On Physical Lines of Force: elasticity, density and the speed of light

In summary, Maxwell discusses the ratio of m to mu in different substances, which has a value of 6 to 5 in a medium where elasticity is dependent on forces between pairs of particles. He also presents a wave equation for transverse vibrations in this medium, where the speed of propagation is proportional to the square root of tension and inversely proportional to the square root of linear mass. He derives this equation using the model of particles connected by springs, with the assumption that elasticity is due entirely to forces between pairs of particles. The numerical values for elasticity and density are not mentioned, but they may be related to modern equations for electric and magnetic constants.
  • #1
Dunnis
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Maxwell: -"The ratio of m to mu varies in different substances; but in a medium whose elasticity depend entirely upon forces acting between pairs of particles, this ratio is that of 6 to 5, and in this case E^2= Pi*m"

Q1: What is this 6:5 ratio and how did he make that conclusion?

Q2: What is the importance of "depend entirely... pairs of particles"?



Maxwell: -"To find the rate of propagation of transverse vibrations through the elastic medium, on the supposition that its elasticity is due entirely to forces acting between pairs of particles

[PLAIN]https://www.physicsforums.com/latex_images/26/2647530-2.png

where 'm' is the coefficient of transverse elasticity, and 'p' is the density."

Q3: Again this "entirely due to pairs of particles", what is he talking about, is he saying photons are made of particle pairs, or is he describing aether as something like Dirac Sea made of electron-positron pairs, or what?

Q4: Where did he get numerical values for this elasticity 'm' and density 'p', are those two the same numbers as electric and magnetic constant in modern equations?

Q5: Did anyone notice his original "wave equation" is nothing else but the 'wave equation for vibrating string': -"The speed of propagation of a wave in a string (v) is proportional to the square root of the tension of the string (T) and inversely proportional to the square root of the linear mass (μ) of the string:

[PLAIN]https://www.physicsforums.com/latex_images/26/2647530-3.png

". - http://en.wikipedia.org/wiki/Vibrating_string
 
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  • #2
What are the E and m in the E^2 = pi*m?

"Pairs of particles." The wave equation is often derived using the model of a chain of particles all connected to their neighbors using springs. When he says connected as paris of particles he probably is referring to the fact that the equation assumes a rather pedestrian situation like this (as opposed to something that may have different symmetries of springiness in different direction, etc...)

Did anyone notice his original "wave equation" is nothing else but the 'wave equation for vibrating string

Yep, the derivations are extremely similar. One case you look at particles vertically displaced from their neighbours (restoring force in the small oscillation limit of T*theta) and in the other case you look at particles horizontally displaced from their neighbours (restoring force of k*x)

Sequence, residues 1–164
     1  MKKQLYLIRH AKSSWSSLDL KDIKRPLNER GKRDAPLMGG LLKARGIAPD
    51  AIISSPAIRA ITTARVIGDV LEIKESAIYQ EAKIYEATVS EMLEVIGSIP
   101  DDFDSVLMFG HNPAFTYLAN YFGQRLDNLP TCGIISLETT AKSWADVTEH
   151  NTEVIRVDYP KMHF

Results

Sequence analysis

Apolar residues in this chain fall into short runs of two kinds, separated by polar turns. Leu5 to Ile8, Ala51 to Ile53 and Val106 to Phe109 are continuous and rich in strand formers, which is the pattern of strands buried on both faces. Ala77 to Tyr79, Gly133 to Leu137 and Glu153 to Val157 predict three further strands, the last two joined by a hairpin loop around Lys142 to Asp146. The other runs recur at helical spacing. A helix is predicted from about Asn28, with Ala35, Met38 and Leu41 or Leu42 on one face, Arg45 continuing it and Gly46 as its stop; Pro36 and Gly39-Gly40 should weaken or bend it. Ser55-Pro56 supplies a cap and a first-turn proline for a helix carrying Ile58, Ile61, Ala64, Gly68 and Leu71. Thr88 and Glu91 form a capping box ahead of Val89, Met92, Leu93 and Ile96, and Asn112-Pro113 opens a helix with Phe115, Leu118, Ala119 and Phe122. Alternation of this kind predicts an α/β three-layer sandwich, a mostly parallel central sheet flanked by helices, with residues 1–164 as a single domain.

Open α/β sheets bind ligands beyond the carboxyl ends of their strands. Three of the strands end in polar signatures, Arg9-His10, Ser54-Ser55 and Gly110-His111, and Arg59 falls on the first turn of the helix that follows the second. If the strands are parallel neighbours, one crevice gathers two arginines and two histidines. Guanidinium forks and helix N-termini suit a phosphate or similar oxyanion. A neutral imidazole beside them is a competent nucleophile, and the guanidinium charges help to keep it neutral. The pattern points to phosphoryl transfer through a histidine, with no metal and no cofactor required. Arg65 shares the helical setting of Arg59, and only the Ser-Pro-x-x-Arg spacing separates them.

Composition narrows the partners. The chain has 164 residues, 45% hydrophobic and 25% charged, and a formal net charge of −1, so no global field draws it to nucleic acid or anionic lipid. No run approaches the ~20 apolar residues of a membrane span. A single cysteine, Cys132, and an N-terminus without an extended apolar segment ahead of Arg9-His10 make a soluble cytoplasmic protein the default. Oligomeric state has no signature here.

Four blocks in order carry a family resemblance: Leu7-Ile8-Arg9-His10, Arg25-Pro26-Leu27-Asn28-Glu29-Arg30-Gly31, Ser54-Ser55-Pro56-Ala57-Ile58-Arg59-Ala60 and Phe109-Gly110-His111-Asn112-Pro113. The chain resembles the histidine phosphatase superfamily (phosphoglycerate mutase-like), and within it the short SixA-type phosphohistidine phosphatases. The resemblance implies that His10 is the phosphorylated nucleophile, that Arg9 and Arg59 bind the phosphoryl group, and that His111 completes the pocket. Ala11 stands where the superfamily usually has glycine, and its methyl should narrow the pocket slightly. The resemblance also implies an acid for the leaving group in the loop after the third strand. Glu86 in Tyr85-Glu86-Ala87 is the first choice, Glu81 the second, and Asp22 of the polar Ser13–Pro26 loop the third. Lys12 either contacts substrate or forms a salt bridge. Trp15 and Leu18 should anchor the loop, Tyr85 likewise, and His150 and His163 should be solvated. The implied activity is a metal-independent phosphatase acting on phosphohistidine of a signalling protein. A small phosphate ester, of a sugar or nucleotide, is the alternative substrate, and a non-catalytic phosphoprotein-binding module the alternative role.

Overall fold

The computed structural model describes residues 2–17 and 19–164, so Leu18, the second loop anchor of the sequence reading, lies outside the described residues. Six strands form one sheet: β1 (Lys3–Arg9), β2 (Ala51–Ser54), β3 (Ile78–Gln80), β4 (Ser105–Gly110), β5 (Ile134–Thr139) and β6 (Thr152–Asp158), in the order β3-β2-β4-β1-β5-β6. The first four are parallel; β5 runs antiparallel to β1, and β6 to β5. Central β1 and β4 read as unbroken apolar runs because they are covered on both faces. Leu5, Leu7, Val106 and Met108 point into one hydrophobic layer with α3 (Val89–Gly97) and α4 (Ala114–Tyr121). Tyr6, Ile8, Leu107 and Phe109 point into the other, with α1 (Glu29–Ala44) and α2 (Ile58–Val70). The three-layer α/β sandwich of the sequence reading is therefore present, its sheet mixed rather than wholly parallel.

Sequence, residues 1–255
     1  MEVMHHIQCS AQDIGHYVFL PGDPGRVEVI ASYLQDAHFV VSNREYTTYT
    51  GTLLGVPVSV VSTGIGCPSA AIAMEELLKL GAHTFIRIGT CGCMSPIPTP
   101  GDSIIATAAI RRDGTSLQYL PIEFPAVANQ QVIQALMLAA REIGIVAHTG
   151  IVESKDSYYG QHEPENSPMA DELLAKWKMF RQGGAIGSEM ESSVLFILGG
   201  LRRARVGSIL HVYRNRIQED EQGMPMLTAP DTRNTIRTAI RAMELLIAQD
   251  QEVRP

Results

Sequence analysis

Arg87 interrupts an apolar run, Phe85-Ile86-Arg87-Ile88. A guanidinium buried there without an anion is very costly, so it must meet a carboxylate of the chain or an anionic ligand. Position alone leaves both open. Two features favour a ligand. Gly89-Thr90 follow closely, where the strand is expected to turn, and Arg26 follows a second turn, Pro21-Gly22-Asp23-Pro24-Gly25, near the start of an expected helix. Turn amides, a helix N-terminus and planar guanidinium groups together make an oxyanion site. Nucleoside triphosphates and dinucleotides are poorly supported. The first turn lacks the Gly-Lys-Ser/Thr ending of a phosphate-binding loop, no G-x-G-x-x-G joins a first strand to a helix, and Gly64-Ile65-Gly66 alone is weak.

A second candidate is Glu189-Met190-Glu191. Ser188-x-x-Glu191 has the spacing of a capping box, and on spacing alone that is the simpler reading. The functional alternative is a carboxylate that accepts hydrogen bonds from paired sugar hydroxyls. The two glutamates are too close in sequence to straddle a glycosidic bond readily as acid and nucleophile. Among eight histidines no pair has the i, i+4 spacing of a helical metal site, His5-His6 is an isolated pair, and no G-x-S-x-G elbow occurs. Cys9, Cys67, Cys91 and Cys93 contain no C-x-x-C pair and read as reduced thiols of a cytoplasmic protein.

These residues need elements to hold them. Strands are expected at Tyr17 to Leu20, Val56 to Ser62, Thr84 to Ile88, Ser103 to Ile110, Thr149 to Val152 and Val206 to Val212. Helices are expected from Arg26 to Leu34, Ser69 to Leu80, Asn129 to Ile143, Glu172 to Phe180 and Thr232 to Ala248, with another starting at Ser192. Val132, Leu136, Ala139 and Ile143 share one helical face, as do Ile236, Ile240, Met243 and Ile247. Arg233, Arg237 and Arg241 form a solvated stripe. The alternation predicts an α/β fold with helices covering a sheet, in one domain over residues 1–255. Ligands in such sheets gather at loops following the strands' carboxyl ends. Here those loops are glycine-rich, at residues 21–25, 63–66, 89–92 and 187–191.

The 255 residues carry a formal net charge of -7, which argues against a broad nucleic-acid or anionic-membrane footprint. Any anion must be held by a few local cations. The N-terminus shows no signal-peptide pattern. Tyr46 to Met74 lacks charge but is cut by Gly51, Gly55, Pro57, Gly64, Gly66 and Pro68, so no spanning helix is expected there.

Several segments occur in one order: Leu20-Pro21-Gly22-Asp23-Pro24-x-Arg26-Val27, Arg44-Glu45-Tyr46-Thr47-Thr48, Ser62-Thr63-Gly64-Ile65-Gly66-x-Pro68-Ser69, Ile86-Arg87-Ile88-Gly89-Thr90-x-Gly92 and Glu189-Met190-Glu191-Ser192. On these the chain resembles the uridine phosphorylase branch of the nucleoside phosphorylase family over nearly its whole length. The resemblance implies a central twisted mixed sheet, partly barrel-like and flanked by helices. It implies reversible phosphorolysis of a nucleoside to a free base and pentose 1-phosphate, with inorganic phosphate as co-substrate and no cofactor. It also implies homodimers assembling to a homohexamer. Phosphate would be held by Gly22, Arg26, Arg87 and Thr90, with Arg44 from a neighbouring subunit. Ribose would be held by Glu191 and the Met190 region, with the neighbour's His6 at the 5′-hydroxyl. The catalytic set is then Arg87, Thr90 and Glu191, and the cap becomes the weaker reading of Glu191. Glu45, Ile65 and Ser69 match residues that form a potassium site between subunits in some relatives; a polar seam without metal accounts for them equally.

Hope that was of help. The parts I didn't respond to I don't know how to.
 
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1. What is the concept of "Physical Lines of Force"?

Physical Lines of Force is a concept in physics that explains the behavior of physical forces such as elasticity, density, and the speed of light. It suggests that these forces can be represented by imaginary lines that connect objects and particles, and these lines determine how the forces interact with each other.

2. How does elasticity affect Physical Lines of Force?

Elasticity refers to the ability of a material to return to its original shape after being deformed by an external force. In the context of Physical Lines of Force, elasticity plays a significant role in determining the strength and direction of the lines connecting objects, as well as the overall behavior of the forces between them.

3. What is the relationship between density and Physical Lines of Force?

Density is a measure of how much mass is contained in a given volume of a substance. In the context of Physical Lines of Force, density affects the strength and direction of the lines connecting objects, as well as the overall behavior of the forces between them. Objects with higher density will have stronger lines of force connecting them, while objects with lower density will have weaker lines.

4. How does the speed of light play a role in Physical Lines of Force?

The speed of light is a fundamental physical constant that determines the maximum speed at which energy, information, or matter can travel. In the context of Physical Lines of Force, it affects the strength and direction of the lines connecting objects, as well as the overall behavior of the forces between them. The speed of light also plays a crucial role in the concept of electromagnetic waves, which are a type of Physical Line of Force.

5. Is the concept of Physical Lines of Force widely accepted in the scientific community?

Yes, the concept of Physical Lines of Force is widely accepted in the scientific community and has been studied extensively in the fields of physics and mechanics. The concept was first introduced by Michael Faraday in the 19th century and has been further developed and refined by other scientists over the years. It continues to be a fundamental concept in understanding the behavior of physical forces.

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